The Wizard of Oz, Capitol Theatre | Review


The Wizard of Oz 
Capitol Theatre, Sydney
Reviewed on Thursday 4th January 2017 by Faiza Rahman
★★★★★

Andrew Lloyd Webber would have been over the rainbow with the Sydney premier of The Wizard of Oz. From the moment the stage curtains opened, the audience were captivated. Personally, just for a moment, I forgot whether I was watching a movie or a show because of the pure essence of the way that the stage was set and the way digital media was used to give the audience a feeling of inclusion in the story and world of Oz.

Samantha Dodemaide does a whimsical job of taking us into the land of fantasy (apart from Dorothy’s red shoe coming off her foot when it was supposed to be stuck!) This slip up was ignored with grace from Samantha as the audience giggled and quickly forgot, whilst she continued to perfectly capture the golden-age naivety. Lucy Durack as Glinda won me over with her witty one-liners and effervescent outfit. Eli Cooper’s Scarecrow act was certainly not spineless – his bendy limbs wrapped us in admiration; alongside John Xintavelonis’ Cowardly Lion’s witty and ‘scary’ roar and Tin Man’s (Alex Rathgeber) heartless love and robotic movements. The Wicked Witch of the West (Jemma Rix) – well, that laugh explains why she was the perfect person to embody her character, for not one moment did I not adore her evilness, as weird as that may sound- she was brilliant!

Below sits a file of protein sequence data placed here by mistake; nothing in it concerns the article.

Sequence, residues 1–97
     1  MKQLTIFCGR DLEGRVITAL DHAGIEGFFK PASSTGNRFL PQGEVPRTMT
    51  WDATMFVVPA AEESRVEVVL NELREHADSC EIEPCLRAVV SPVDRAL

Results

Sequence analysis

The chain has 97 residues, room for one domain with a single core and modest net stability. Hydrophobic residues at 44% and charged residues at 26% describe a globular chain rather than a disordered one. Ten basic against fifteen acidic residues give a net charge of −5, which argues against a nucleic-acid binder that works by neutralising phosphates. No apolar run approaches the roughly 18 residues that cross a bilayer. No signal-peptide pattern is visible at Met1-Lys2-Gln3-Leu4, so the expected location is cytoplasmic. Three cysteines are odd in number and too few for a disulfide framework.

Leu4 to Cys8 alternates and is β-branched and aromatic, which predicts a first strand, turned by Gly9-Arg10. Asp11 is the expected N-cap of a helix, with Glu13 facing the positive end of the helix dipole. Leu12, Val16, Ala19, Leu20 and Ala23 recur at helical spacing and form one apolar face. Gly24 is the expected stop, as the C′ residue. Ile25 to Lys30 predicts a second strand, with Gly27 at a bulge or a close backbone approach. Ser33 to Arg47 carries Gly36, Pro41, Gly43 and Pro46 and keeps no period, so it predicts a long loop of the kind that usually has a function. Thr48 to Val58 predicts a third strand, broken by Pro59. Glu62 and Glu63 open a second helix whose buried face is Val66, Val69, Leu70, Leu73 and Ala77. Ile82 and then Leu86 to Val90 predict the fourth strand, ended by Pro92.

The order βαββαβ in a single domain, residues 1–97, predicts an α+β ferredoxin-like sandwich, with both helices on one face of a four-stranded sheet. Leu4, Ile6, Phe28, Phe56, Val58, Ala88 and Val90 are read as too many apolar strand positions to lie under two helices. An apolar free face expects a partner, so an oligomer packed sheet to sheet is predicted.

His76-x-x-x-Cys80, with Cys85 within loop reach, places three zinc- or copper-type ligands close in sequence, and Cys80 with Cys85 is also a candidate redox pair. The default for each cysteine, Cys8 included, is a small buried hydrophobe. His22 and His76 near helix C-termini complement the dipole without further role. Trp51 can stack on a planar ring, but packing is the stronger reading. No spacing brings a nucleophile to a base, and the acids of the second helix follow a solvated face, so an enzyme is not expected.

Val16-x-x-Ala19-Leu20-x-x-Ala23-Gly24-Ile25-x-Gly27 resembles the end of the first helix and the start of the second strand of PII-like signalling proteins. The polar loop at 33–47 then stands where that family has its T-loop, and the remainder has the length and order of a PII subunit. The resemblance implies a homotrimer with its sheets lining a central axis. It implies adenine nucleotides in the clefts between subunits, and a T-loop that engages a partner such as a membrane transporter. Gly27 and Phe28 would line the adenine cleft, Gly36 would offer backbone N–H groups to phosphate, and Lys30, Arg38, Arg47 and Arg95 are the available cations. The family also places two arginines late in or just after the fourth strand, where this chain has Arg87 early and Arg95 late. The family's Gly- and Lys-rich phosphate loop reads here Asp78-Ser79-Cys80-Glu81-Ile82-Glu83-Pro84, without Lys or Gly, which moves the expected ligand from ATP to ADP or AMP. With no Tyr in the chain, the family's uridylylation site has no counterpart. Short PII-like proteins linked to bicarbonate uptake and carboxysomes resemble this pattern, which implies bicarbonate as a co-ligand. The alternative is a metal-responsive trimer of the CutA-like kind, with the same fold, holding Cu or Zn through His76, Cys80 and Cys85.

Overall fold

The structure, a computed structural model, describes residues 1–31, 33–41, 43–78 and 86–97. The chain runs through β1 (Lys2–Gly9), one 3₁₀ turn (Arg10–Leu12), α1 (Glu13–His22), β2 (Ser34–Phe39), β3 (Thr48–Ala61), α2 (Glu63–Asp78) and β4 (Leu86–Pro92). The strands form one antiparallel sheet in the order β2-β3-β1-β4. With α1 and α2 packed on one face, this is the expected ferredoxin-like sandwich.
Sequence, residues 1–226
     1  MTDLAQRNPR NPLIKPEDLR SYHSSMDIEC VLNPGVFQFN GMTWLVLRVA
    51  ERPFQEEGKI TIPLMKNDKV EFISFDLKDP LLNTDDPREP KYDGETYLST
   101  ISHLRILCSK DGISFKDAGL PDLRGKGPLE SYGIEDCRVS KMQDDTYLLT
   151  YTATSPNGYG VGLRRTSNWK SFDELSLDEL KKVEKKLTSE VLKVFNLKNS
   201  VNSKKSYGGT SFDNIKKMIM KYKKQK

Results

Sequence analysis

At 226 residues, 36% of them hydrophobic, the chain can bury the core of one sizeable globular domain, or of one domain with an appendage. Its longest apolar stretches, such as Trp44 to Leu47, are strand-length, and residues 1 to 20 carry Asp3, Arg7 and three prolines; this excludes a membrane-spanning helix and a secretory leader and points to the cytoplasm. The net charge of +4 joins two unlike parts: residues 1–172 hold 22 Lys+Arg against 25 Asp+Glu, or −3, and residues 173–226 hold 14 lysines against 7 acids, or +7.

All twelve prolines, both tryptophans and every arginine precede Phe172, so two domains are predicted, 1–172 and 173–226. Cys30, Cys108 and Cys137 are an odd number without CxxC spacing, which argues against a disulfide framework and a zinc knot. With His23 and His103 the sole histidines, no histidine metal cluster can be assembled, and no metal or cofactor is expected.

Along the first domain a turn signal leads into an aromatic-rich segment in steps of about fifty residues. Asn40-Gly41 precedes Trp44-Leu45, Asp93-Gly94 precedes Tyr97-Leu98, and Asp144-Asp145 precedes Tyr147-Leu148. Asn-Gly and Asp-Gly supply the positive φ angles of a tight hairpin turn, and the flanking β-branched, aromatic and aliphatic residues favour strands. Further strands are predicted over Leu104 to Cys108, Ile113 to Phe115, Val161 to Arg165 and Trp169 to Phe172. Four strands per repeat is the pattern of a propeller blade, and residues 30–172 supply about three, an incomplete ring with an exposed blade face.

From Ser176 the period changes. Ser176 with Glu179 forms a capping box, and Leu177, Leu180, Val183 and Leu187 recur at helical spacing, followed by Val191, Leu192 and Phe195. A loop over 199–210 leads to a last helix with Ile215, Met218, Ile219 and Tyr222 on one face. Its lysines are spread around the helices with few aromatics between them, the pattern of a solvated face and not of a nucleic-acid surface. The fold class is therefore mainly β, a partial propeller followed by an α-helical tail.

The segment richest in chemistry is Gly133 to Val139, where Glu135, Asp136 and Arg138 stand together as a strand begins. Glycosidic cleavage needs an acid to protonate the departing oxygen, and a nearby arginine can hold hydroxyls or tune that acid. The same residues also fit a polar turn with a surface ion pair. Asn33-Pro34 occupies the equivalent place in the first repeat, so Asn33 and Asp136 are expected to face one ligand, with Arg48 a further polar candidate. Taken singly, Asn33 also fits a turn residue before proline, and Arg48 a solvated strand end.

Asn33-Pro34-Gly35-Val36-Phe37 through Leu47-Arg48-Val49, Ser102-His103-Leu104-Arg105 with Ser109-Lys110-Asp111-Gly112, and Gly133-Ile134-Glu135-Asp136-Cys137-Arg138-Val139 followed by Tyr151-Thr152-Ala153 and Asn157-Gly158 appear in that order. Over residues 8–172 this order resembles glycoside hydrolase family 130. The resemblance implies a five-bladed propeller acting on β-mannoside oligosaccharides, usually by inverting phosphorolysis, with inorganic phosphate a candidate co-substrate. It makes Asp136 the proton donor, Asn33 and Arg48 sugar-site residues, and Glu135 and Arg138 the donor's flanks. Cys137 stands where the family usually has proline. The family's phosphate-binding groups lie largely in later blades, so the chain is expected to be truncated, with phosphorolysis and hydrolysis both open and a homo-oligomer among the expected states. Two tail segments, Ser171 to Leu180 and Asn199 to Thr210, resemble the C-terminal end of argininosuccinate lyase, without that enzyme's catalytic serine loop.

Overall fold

The star of the show was the costume and set design by Robert Jones, supported by Jon Driscoll and Daniel Brodie’s engrossing video and projection work. Vorticist projections were used to evoke the Kansas cyclone that took Dorothy into the dreamworld and took us there too. The lighting and effects used on the walls of the theatre enhanced the experience and created an ethereal atmosphere that delved us straight onto the yellow brick road and at times I really felt like I was a part of the show. 

The costumes were visually appeasing – what particularly impressed the audience was when Dorothy’s dress changed colour as she conducted a twirl across the stage from her regular dress to a sparkly green version as she entered Emerald City. The screens used to create the feeling of depth were perfectly controlled and used well to create the feeling of distance to emerald city. My highlight was when Dorothy, Tin Man, Cowardly Lion & Scarecrow were put in the dome by the Wizard – it looked so 3D and realistic, everyone was astounded. 


I was taken back to my childhood through the music. Samantha Dodemaide’s voice projects an innocence yet heart wrenching power, like a force leading her back home to Kansas. Although since 1939, The Wizard of Oz has taken on many variations, this one stays grounded in the characters and echoes that there is no place like home, even with its modern twist.

The Wizard of Oz runs at the Capitol Theatre until 4th February 2018

photo credit: Jeff Busby

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